A Hard Brexit could smash the UK economy, business leaders have warned Prime Minister Theresa May in an open letter, urging her to avoid leading the country into the wilderness. The problem is, however, that a Soft Brexit would mean the free movement of European Union citizens – immigration control was the main reason for voting for Brexit.
A Hard Brexit means total separation from the European Union (EU), in which UK regains total control of everything, including how migrants are dealt with. However, Britain would lose tax-free access to the EU market as well as passporting rights. Passporting refers to financial institutions being able to operate freely across the trading bloc instead of having to apply to each nation separately.
A Soft Brexit means semi-separation from the EU. The UK would retain free access to the EU market, passporting rights would continue, but the country would have to sign up to the free movement of people.
UK’s business leaders urge Prime Minister Theresa May in an open letter to both respect the will of the electorate and protect the economy. A Hard Brexit, without unfettered access to the EU market or passporting rights for London’s financial institutions would devastate the British economy, they warn.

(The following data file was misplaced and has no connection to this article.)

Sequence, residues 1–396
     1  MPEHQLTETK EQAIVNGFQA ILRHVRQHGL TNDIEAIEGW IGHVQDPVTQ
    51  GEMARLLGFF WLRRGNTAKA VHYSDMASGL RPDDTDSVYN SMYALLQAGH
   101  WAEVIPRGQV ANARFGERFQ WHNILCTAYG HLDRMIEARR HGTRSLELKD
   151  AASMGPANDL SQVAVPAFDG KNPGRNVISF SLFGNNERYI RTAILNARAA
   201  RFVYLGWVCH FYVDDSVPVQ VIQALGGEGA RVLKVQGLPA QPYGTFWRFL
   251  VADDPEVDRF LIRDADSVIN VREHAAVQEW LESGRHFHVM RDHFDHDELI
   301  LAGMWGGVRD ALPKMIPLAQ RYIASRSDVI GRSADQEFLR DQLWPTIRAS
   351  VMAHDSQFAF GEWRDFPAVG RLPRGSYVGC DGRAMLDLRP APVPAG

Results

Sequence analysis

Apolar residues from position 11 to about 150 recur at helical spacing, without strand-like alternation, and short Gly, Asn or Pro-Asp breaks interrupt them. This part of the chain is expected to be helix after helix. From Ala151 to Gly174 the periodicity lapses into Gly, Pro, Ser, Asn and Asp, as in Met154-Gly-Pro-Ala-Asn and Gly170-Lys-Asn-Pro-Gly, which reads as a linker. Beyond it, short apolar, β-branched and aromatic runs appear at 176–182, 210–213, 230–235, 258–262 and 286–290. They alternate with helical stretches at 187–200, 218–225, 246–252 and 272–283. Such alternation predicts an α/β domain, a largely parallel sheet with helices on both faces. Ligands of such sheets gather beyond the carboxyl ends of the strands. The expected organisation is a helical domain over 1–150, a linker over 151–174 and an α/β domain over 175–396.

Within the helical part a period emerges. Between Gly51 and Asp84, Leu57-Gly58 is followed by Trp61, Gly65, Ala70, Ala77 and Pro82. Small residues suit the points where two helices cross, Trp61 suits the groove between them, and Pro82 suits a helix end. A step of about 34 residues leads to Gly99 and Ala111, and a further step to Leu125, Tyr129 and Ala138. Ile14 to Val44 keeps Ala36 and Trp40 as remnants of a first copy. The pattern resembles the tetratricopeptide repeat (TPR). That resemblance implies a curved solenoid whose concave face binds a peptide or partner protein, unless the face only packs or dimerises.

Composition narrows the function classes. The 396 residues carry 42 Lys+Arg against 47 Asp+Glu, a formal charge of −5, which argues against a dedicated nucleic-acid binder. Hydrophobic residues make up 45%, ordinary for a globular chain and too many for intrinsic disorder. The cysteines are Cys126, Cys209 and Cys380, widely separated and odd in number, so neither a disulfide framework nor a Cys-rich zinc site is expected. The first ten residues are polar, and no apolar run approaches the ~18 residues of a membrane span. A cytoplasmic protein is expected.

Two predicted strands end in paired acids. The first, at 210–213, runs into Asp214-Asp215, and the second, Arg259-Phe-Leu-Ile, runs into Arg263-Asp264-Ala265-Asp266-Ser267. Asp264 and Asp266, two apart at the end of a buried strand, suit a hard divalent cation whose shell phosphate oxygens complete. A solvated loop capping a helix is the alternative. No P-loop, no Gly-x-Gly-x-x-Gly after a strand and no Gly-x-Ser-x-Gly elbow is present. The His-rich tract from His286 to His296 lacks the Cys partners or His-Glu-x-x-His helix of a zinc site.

Hard Brexit less unpopular than Soft?
If the main reason for voting on 23rd June to leave the EU was to regain control over immigration, a Soft Brexit would be extremely unpopular. It would also be seen as stupid, given that as an EU member state the UK currently has some influence over EU lawmaking, but as a semi-leaver following a Soft Brexit the country would have no say, but would have to comply.
How would Theresa May’s government appear to the country’s electorate if all she managed to do was to lose Britain’s ability to be an influence in EU lawmaking, but had to comply with all the trading bloc’s laws? For 51% of the British people, it would all have been for nothing – in fact, all for a step backwards. For Theresa May’s political career, it would be the kiss of death.
Hard Brexit would damage the economy
In their open letter to the Prime Minister, UK’s business leaders warned that without unfettered access to the EU market, the British economy would suffer serious and long-term damage.
In the letter, which was released on Friday, the country’s captains of industry wrote:
“The government must make sure that the terms of the deal to leave [the EU] ensure stability, prosperity and improved living standards.”